The first three, four, or five speakers at the hearing are officials of the Chicago Public Schools -- but in no case has the Chief Executive Officer (between 2002 and 2008, Arne Duncan) or the Chief Education Officer (during most of the past eight years, Barbara Eason Watkins) ever testified at a hearing. The actual testimony is given by a mid-level official in the school system's huge bureaucracy.

The hearing against Copernicus Elementary School, where Lois Ashford taught, was scheduled for 3:00 p.m. on Wednesday, February 13, 2008, a school day. The majority of the teachers and other staff at Copernicus were unable to get downtown for the hearing, many of them because they had after-school commitments including programs at the school.

The formal notice of the hearing was placed in the two daily newspapers of Chicago (the Sun-Times and Tribune), although like most government ads its was not read by most people. The logistics for the hearings were handled for Arne Duncan during his years as Chief Executive Officer of CPS by Antonia Whalen, who at the time of the Copernicus hearing was holding the title "Deputy to the Chief Education Officer".

Policies written to target certain schools

The first two items read into the record are summaries of the Illinois law pertaining to "Remediation and Probation" and the Chicago Board of Education policy on remediation and probation. Each year during the Duncan term, the policy in Chicago was revised to ensure that certain schools would meet the criteria and be closed.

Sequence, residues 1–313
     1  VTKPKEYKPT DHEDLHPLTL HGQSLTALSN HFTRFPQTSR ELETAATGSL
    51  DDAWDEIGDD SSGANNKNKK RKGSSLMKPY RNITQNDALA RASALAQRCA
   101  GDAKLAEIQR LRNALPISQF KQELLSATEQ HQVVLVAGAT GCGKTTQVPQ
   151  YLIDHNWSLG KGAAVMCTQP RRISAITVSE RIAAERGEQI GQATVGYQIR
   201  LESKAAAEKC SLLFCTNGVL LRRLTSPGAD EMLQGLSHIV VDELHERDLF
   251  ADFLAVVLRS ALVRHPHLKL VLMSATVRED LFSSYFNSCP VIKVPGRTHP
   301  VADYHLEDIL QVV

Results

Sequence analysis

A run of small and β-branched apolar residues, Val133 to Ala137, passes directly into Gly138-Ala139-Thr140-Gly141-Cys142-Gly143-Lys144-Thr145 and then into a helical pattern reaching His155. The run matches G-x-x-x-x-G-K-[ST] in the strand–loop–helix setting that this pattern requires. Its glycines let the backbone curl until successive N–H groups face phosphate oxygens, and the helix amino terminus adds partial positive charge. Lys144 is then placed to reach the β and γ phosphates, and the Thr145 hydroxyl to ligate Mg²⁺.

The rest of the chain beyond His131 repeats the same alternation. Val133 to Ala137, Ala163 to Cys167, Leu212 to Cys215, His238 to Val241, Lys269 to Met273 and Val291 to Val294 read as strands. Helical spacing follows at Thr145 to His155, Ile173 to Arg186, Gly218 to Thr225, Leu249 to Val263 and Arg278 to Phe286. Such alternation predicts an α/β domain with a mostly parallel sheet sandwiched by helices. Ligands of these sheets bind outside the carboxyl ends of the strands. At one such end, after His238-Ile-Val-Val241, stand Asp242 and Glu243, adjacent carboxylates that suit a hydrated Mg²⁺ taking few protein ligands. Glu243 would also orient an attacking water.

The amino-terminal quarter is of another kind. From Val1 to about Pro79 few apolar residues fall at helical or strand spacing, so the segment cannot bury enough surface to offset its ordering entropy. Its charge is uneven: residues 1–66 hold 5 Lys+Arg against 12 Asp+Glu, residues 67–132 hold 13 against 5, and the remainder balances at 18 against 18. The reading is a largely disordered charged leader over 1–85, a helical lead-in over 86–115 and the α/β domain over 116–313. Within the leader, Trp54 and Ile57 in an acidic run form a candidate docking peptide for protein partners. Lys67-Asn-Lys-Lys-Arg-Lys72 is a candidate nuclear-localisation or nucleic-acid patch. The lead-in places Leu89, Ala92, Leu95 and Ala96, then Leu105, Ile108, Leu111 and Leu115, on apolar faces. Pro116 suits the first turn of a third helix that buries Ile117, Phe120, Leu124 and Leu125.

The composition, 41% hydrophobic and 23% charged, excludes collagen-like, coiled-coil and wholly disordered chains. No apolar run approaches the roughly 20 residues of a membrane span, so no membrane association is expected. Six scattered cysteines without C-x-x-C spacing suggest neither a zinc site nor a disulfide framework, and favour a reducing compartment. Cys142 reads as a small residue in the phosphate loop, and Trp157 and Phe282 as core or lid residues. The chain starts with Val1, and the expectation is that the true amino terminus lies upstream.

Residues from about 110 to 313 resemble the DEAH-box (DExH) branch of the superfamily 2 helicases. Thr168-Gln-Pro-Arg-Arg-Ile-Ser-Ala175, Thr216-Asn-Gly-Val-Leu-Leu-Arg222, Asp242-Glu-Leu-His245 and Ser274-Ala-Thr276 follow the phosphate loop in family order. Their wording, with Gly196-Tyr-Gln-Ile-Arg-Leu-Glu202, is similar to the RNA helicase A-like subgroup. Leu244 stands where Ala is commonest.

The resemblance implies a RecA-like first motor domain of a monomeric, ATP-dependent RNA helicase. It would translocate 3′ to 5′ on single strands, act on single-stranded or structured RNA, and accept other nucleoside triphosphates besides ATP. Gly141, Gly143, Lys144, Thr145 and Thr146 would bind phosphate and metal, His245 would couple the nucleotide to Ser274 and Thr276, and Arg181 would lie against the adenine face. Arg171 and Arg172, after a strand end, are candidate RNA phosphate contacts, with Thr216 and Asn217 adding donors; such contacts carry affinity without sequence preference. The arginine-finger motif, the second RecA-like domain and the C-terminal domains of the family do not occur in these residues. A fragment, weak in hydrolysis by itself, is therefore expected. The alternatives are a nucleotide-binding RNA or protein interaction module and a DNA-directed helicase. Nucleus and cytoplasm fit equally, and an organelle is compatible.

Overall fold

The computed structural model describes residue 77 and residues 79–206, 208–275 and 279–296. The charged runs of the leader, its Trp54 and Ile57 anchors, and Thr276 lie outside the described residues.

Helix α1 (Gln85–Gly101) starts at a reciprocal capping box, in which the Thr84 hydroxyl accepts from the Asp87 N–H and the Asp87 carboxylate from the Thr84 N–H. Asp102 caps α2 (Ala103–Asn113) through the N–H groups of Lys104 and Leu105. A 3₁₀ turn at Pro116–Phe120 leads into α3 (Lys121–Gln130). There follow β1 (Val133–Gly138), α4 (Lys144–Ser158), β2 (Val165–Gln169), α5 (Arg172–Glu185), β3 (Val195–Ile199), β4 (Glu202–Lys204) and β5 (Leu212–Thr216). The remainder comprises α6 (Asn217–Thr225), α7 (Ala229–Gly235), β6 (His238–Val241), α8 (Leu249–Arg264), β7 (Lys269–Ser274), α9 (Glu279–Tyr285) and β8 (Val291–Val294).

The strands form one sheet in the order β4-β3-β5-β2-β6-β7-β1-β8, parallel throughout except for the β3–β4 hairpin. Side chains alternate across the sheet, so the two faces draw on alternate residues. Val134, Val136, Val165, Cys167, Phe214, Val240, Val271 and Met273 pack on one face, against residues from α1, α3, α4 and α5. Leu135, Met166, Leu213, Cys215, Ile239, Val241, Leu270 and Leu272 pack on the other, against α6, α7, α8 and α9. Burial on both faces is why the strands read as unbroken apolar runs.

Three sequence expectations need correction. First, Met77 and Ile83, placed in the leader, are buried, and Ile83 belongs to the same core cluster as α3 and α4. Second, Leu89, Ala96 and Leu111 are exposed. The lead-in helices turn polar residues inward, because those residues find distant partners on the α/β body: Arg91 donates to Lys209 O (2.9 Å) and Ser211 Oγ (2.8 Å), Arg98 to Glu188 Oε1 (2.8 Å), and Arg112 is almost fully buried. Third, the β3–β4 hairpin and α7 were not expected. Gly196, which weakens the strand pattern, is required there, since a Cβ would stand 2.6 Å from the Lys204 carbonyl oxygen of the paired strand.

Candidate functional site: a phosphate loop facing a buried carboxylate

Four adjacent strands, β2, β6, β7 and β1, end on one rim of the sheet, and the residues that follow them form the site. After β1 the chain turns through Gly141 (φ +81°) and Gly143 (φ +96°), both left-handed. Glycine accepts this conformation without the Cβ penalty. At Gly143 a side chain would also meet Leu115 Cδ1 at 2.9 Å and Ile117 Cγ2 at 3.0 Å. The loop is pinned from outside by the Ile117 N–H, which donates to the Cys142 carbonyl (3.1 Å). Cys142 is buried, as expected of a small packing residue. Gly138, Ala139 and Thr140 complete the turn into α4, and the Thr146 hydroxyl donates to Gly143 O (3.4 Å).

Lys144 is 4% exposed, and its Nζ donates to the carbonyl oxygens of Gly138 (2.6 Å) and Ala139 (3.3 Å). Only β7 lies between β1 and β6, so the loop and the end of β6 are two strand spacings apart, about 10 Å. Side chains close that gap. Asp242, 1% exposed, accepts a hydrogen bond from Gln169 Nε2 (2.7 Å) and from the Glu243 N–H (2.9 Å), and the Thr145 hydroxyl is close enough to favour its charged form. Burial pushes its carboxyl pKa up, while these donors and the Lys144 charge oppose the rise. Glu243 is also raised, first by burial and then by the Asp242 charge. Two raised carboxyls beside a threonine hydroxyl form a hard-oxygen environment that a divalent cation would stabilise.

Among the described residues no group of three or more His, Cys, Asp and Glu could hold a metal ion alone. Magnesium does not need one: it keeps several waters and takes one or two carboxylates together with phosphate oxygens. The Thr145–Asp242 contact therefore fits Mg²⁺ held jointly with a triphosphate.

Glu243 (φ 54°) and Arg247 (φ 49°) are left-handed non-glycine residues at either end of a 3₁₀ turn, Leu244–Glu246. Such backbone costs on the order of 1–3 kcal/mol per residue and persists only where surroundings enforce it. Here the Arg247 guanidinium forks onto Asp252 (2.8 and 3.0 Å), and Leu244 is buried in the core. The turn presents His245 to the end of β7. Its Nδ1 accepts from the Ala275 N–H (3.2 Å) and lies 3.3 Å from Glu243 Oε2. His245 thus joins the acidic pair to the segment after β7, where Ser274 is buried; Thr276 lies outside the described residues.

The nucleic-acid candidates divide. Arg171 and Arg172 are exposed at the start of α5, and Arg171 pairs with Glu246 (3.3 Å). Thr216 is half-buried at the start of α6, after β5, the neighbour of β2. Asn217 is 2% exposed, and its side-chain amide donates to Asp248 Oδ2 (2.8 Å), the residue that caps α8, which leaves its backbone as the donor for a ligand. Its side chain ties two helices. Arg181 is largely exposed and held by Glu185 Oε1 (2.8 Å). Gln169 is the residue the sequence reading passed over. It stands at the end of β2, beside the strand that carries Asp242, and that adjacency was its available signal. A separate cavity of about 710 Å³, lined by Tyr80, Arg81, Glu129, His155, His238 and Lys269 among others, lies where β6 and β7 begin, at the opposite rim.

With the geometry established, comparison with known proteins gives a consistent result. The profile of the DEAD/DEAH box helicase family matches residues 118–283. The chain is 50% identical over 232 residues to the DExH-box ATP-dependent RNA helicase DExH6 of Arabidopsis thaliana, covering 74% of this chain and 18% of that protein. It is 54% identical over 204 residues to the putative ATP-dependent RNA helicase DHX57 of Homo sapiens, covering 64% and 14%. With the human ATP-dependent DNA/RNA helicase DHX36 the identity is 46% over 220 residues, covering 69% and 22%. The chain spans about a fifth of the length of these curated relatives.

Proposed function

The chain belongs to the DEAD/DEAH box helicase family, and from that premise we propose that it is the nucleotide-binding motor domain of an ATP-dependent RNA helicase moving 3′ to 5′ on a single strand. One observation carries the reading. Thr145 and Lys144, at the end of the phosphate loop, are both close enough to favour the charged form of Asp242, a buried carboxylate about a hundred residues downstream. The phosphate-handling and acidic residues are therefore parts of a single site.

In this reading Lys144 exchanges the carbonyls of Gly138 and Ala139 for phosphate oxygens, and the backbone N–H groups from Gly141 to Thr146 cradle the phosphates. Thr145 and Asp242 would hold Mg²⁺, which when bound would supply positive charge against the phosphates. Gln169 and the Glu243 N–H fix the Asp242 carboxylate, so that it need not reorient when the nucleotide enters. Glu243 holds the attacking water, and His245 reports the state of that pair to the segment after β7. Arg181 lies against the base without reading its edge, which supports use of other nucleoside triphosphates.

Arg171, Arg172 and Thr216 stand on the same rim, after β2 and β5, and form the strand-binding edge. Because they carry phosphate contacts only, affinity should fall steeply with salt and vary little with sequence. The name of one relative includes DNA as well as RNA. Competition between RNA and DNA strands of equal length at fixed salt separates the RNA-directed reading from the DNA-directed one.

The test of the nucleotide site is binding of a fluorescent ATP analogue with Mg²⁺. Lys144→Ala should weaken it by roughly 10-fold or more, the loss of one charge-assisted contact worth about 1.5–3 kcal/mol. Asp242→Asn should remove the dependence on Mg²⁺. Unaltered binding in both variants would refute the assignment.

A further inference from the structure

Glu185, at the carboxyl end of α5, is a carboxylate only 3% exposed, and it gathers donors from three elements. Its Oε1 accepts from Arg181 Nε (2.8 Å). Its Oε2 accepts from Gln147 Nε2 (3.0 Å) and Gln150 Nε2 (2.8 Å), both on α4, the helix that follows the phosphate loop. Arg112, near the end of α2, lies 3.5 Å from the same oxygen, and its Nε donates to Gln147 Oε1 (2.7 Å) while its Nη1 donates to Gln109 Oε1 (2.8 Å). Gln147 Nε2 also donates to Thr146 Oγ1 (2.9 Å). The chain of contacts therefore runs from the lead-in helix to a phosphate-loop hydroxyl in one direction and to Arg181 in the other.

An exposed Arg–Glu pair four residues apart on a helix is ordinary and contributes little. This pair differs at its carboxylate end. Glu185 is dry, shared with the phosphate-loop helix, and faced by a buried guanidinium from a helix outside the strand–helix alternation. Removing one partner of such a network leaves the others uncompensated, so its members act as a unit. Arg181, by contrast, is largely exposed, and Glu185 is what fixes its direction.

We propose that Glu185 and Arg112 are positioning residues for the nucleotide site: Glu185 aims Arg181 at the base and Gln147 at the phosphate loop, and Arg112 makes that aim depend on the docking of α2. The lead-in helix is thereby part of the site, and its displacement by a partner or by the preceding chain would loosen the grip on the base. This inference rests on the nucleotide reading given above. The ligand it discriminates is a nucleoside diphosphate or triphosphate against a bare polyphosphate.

There is also a pefunctory reading of the procedures for hearings. While most of the teachers, parents, administrators and alumni of the targeted schools believed the hearings were actually being conducted to gather information and answer questions, the tiers of procedures, including the hearing procedures, made it clear that the purpose of the hearing was actually to clarify whether the Chief Executive Officer (Duncan for almost all the years in question) was following the procedure that Duncan's staff had written and the Board of Education appointed by Mayor Daley had approved.

The hearing officer also made clear at each hearing that he was going to prepare a summary "recommendation" to the Chicago Board of Education. What was not in the script was that the hearing officer's recommendation, even if it was against the recommendation of the CEO to "turnaround" the school, could be overridden by the Board's vote.

Legal information on the complaint can be obtained by calling attorney Jennifer Purcell, Attorney, Robin Potter & Associates, (312) 861-1800., jennifer.n.